This article follows on from Part 1, which, dear reader, I am sure you could have guessed from the title….
So, you’ve agreed to arbitrate, you’ve chosen the arbitrator, you’ve completed the ARB1 form setting out what is agreed/not agreed in broad terms and you have sent the ARB1 to IFLA. IFLA have sent it to the arbitrator to ask if the arbitrator will accept the nomination. The arbitrator says yes, they will accept. What next?
Next, I would expect both solicitors/parties to get an email from the arbitrator sending them the terms and conditions of business of the arbitrator and setting the fee to be paid. The fee would be shared equally by both parties and is paid up front, usually, and certainly before the Award (finances) or Determination (children) is released.
Once the terms and conditions are dealt with, then I would expect the arbitrator to fix a meeting with both solicitors and their clients to set out the process for dealing with the issues in dispute. You do not have to have the clients in the meeting. It is up to the parties. This first meeting could be face to face or, more commonly, by telephone/Zoom. And that was the case even pre-COVID19. The arbitrator will want to know if you have suggestions, agreed or otherwise, about the process you want to adopt to resolve issues. You might have been through mediation, for example and want the arbitrator to have that paperwork, both agreeing to waive privilege. You might have partly undertaken disclosure and need that finalising then a decision made. You might have only a couple of fine areas that you cannot agree on and would like that to be dealt with by way of submissions on paper. It really is that flexible.
If the parties cannot agree on the directions that should be made, the arbitrator will decide. Sometimes, parties want the arbitrator just to make the directions for them.
If you get stuck along the way, you can email the arbitrator to ask for a directions meeting. Any emails to the arbitrator must have the other party copied in and the arbitrator will not respond to just one of you. That gives far more flexibility for the parties. I am willing to bet that an arbitrator would be able to give you a directions meeting probably same day. You won’t get that from a court as the workload would not facilitate that.
If you want oral hearings, then the parties would be paying for the rental of rooms/venue and travel costs of the arbitrators.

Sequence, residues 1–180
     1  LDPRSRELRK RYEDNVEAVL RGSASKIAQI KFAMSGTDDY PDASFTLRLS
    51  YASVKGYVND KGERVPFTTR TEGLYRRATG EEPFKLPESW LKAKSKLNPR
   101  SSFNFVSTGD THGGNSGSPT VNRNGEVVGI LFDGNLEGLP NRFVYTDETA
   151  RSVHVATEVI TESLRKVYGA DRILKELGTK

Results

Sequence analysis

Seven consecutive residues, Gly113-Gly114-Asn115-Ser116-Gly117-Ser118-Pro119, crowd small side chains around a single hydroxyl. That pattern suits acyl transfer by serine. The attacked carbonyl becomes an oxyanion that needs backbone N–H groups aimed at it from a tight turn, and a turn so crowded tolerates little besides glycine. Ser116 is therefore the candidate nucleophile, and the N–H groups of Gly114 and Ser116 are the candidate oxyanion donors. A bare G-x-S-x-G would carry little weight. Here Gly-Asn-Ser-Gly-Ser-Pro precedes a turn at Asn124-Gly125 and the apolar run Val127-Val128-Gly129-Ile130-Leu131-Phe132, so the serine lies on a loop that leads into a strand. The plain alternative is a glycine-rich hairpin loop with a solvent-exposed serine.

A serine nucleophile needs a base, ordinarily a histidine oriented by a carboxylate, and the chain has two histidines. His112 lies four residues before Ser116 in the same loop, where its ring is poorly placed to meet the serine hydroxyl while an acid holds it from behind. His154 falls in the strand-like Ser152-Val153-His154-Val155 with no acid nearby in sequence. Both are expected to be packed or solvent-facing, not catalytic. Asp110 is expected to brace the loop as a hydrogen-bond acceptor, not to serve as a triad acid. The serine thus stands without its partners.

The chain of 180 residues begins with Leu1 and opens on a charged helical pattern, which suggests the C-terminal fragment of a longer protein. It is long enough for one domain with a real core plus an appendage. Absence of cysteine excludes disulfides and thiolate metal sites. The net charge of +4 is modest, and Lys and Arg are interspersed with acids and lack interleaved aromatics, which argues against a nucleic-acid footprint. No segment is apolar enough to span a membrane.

The law applied is the same. What you have flexibility over is the process and area of dispute.
I am involved with The Certainty Project which combines arbitration and mediation in a way that I think truly makes the best of both. So, you could agree to arbitrate and at the first meeting in, say, a finance matter, the arbitrator will give directions for financial disclosure and a referral to mediation, staying the arbitration proceedings for a period of a few weeks to allow a discrete number of mediation sessions to take place on the basis that if the parties reach an agreement in arbitration, the arbitrator can be notified and turn that into an Award. Alternatively, if there are issues that are agreed, the arbitrator can be notified of that too and can then go on to make a decision on the areas that were not agreed, leaving the agreed areas as they were and taking those agreements into consideration. The idea would be for the mediation sessions to be not more than 4 over a period of, say, 2 to 3 months so that the financial information given does not go out of date.
Personally, I think this is making the best use of what we have and building on mediation without parties having to start again if mediation fails. You also have the consistency of one arbitrator and quick access to them.
I also think that this is perfect for cases where there are not pots and pots of money. Sometimes, couples just want or need a decision made so that they can move on with their lives. The court process, of course, has to be used by some but there is an alternative to the ‘one size fits all’ process, the hidden costs in court proceedings and the delay in getting matters to a final hearing. Solicitors willing to use all of the tools available to them become known as proactive problem solvers and I think would begin to attract a new area of clientele from the pool of those who would not consider contacting a solicitor because they are mostly agreed and they are worried about cost and the time it takes from having to start all over again.
The Award given by the arbitrator is very much like a judgment. The solicitors can then turn that into a consent order and make use of the protocol for approval of an order from an arbitrated matter or they can ask the arbitrator to draft the order for them to lodge. Most solicitors draft the order themselves.
And there you have it. Easy isn’t it? And it allows you, as the solicitor, to focus on the issues and resolving those. Give it a go.
If you are interested in arbitrating a matter, contact me.